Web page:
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Keyword: policy

Influence of policy, air quality, and local attitudes toward renewable energy on the adoption of woody biomass heating systems

Publications Posted on: November 21, 2018
Heat produced from woody biomass accounts for a significant portion of renewable energy in the United States. Economic and federal policy factors driving institutional adoption of woody biomass heating systems have been identified and examined in previous studies, as have the effects of state policies in support of biomass heating.

Living with wildland fire in America: Building new bridges between policy, science and management

Publications Posted on: October 04, 2018
In his October 26, 2017 commentary in these pages (Wildfire Magazine 26.4; 4-5), Dr. Tom Zimmerman highlights a number of ongoing and future challenges faced by wildland fire management. To address these challenges he also identifies an important role for science and in particular management-relevant wildland fire research. Here, we first briefly elaborate on Dr.

Economic and policy factors driving adoption of institutional woody biomass heating systems in the United States

Publications Posted on: January 09, 2018
Abundant stocks of woody biomass that are associated with active forest management can be used as fuel for bioenergy in many applications. Though factors driving large-scale biomass use in industrial settings have been studied extensively, small-scale biomass combustion systems commonly used by institutions for heating have received less attention.

Forests: the potential consequences of climate variability and change

Publications Posted on: May 12, 2016
This pamphlet reports the recent scientific assessment that analyzed how future climate variablity and change may affect forests in the United States. The assessment, sponsored by the USDA Forest Service, and supported, in part, by the U.S Department of Energy, and the National Atmospheric and Space Administration, describes the suite of potential impacts on forests.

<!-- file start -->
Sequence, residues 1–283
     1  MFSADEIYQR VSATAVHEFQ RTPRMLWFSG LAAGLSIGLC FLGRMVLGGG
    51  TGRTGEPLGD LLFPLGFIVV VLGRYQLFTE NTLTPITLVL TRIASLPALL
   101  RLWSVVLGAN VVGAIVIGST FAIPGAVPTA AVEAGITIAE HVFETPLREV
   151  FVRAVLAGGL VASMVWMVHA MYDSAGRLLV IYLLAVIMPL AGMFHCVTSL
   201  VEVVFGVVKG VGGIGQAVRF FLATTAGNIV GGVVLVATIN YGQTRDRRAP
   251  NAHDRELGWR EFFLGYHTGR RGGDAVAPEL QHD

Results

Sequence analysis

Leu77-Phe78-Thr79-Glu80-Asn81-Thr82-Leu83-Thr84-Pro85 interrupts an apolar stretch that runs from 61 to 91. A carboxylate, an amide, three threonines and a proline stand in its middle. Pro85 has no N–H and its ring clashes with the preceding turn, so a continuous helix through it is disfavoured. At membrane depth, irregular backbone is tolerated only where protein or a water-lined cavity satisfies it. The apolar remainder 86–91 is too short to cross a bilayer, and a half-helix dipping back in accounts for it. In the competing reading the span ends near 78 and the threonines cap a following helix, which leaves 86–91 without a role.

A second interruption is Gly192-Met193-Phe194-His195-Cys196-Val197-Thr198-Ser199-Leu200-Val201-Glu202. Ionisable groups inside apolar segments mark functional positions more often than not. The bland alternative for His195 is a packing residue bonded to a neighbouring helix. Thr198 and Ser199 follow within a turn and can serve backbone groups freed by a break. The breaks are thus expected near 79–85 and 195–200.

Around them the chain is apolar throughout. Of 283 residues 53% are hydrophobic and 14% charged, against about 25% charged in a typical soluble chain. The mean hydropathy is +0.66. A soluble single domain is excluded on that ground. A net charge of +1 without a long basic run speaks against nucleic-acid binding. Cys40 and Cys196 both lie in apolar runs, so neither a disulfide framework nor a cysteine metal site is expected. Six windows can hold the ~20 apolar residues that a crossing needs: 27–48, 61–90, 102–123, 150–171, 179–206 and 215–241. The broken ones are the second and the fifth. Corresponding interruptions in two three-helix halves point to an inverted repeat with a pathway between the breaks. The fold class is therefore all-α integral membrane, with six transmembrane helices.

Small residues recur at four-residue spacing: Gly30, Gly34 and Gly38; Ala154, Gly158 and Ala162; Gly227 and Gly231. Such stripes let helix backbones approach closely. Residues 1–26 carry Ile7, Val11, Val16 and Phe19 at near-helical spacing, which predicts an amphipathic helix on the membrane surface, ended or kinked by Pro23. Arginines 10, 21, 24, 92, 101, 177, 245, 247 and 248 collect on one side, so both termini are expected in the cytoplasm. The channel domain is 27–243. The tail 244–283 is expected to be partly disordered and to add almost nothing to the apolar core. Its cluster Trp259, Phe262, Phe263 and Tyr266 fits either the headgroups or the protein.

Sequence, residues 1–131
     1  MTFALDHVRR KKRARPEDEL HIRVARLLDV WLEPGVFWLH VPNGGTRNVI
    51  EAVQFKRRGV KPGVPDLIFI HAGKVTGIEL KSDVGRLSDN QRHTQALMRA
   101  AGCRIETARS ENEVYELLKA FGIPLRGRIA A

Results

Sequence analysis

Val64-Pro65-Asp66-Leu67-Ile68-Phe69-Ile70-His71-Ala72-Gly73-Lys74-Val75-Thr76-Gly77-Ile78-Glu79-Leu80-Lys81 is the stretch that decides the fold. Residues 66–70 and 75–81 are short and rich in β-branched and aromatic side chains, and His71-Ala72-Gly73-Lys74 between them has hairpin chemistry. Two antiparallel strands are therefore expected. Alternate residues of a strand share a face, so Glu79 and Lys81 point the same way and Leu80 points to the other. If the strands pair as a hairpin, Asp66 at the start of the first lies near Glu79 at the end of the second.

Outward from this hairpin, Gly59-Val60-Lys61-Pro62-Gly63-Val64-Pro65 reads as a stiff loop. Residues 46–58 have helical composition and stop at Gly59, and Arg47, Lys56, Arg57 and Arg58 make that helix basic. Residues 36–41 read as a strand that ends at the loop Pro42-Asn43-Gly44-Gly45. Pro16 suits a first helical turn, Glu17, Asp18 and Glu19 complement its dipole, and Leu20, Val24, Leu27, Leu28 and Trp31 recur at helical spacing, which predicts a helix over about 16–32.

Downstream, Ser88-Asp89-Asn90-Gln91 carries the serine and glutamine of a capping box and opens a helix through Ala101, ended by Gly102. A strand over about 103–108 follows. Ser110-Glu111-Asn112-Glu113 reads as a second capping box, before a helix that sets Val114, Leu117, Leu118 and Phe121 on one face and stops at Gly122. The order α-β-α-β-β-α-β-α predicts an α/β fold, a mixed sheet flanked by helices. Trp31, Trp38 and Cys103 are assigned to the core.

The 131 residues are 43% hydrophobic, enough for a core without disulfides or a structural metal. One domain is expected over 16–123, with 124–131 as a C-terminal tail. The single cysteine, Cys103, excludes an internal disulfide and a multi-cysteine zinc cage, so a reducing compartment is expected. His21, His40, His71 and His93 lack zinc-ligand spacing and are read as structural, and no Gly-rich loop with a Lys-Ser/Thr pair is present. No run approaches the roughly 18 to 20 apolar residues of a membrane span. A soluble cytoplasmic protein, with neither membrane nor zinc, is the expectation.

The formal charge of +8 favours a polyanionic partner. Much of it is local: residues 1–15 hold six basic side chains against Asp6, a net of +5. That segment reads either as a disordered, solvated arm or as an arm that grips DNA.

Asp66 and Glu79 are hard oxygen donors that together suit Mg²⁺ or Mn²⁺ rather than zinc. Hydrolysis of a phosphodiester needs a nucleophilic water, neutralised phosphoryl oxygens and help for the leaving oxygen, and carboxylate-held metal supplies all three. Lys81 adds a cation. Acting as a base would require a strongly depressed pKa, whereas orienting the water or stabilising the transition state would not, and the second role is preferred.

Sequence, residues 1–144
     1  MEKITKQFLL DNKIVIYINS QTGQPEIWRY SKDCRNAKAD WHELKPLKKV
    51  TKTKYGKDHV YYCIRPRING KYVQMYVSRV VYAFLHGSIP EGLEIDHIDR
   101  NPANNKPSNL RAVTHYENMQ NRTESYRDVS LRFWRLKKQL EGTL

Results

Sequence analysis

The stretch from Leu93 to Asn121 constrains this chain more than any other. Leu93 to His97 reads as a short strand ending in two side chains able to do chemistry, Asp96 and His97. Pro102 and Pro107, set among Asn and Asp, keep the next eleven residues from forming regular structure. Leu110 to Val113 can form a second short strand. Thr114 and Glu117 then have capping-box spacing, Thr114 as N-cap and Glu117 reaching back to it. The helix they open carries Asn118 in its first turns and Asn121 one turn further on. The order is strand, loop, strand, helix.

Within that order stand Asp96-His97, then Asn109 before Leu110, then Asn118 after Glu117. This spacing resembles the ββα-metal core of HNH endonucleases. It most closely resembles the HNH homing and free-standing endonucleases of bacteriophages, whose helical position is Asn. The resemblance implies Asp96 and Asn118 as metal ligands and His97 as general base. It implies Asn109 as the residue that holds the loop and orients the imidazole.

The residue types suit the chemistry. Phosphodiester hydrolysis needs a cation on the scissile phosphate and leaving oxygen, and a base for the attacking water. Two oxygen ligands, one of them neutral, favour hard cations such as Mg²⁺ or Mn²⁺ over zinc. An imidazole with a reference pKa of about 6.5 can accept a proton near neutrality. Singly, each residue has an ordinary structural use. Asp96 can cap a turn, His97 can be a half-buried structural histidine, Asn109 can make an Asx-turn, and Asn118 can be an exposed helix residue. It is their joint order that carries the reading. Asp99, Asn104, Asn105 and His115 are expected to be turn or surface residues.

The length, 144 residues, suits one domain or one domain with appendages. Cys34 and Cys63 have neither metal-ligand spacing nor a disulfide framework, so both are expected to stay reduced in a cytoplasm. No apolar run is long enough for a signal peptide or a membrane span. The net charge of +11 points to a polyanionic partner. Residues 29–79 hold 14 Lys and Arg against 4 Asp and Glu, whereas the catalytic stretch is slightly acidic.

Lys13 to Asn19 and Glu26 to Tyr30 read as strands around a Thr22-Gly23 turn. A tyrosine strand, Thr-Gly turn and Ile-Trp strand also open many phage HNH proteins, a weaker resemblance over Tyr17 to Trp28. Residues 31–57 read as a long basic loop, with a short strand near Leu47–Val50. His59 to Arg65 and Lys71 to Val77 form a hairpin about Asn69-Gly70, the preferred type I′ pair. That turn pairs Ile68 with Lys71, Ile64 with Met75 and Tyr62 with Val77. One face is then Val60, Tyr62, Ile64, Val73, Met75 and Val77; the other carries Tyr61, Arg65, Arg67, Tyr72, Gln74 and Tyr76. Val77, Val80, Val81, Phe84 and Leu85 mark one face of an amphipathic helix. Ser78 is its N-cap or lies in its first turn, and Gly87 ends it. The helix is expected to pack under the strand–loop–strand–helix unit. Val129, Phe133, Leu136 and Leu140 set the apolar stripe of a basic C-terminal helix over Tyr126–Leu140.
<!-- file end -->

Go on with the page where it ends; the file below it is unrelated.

Complex challenges of maintaining whitebark pine in Greater Yellowstone under climate change: A call for innovative research, management, and policy approaches

Publications Posted on: April 21, 2016
Climate suitability is projected to decline for many subalpine species, raising questions about managing species under a deteriorating climate. Whitebark pine (WBP) (Pinus albicaulis) in the Greater Yellowstone Ecosystem (GYE) crystalizes the challenges that natural resource managers of many high mountain ecosystems will likely face in the coming decades.

Can metaphysical values protect mountain wildlands from development damage?

Publications Posted on: October 06, 2015
This paper addresses the question of whether spiritual, religious or cultural values held by humans for some wild mountain areas can protect these special places from developments that impair both these values and wild nature. The answer is sometimes yes, sometimes no, and sometimes a minimization of damage.

"Completely empowering": A qualitative study of the impact of technology on the wilderness experience in New Zealand

Publications Posted on: October 06, 2015
Recent academic literature has expressed concern over the potential impact of the increasing types and levels of electronic (largely communication-related) technology brought by visitors into the wilderness. A key issue has been perceived changes in risktaking behavior by wilderness and backcountry users.

Valuing people in the landscape: Re-thinking conservation approaches

Publications Posted on: October 06, 2015
When Australian Governments committed to building a National Reserve System (NRS) for Australia in 1991 they didn't anticipate that some of the most important conservation gains were to be made on Indigenous owned land. An innovative Federal Government policy decision in 1996 to support Indigenous landowners to establish Indigenous Protected Areas (IPA# on their land provided a breakthrough in national conservation efforts.

Wildfire in the valley of the wild roses

Publications Posted on: October 06, 2015
Santa Clara Indian Pueblo lands are adjacent to the Jemez National Forest, Bandelier National Monument and Valles Caldera National Preserve. This paper explores Pueblo vulnerability and resilience after repeated and devastating fires in this century as a result of drought and climate change.

Sacred hills of the Toda people of South India: A plea for world heritage status

Publications Posted on: October 06, 2015
Abstract-The Todas worship scores of hilltops where they believe their principal deities or clan-specific local gods reside. It is thus considered sacrilege even to point towards such a deity peak with one's finger. It is also no coincidence at all that the area in and around the Toda sacred-landscape, where their major hill deities are believed to reside, has come to constitute in recent times, the core of the Nilgiri Biosphere Reserve.

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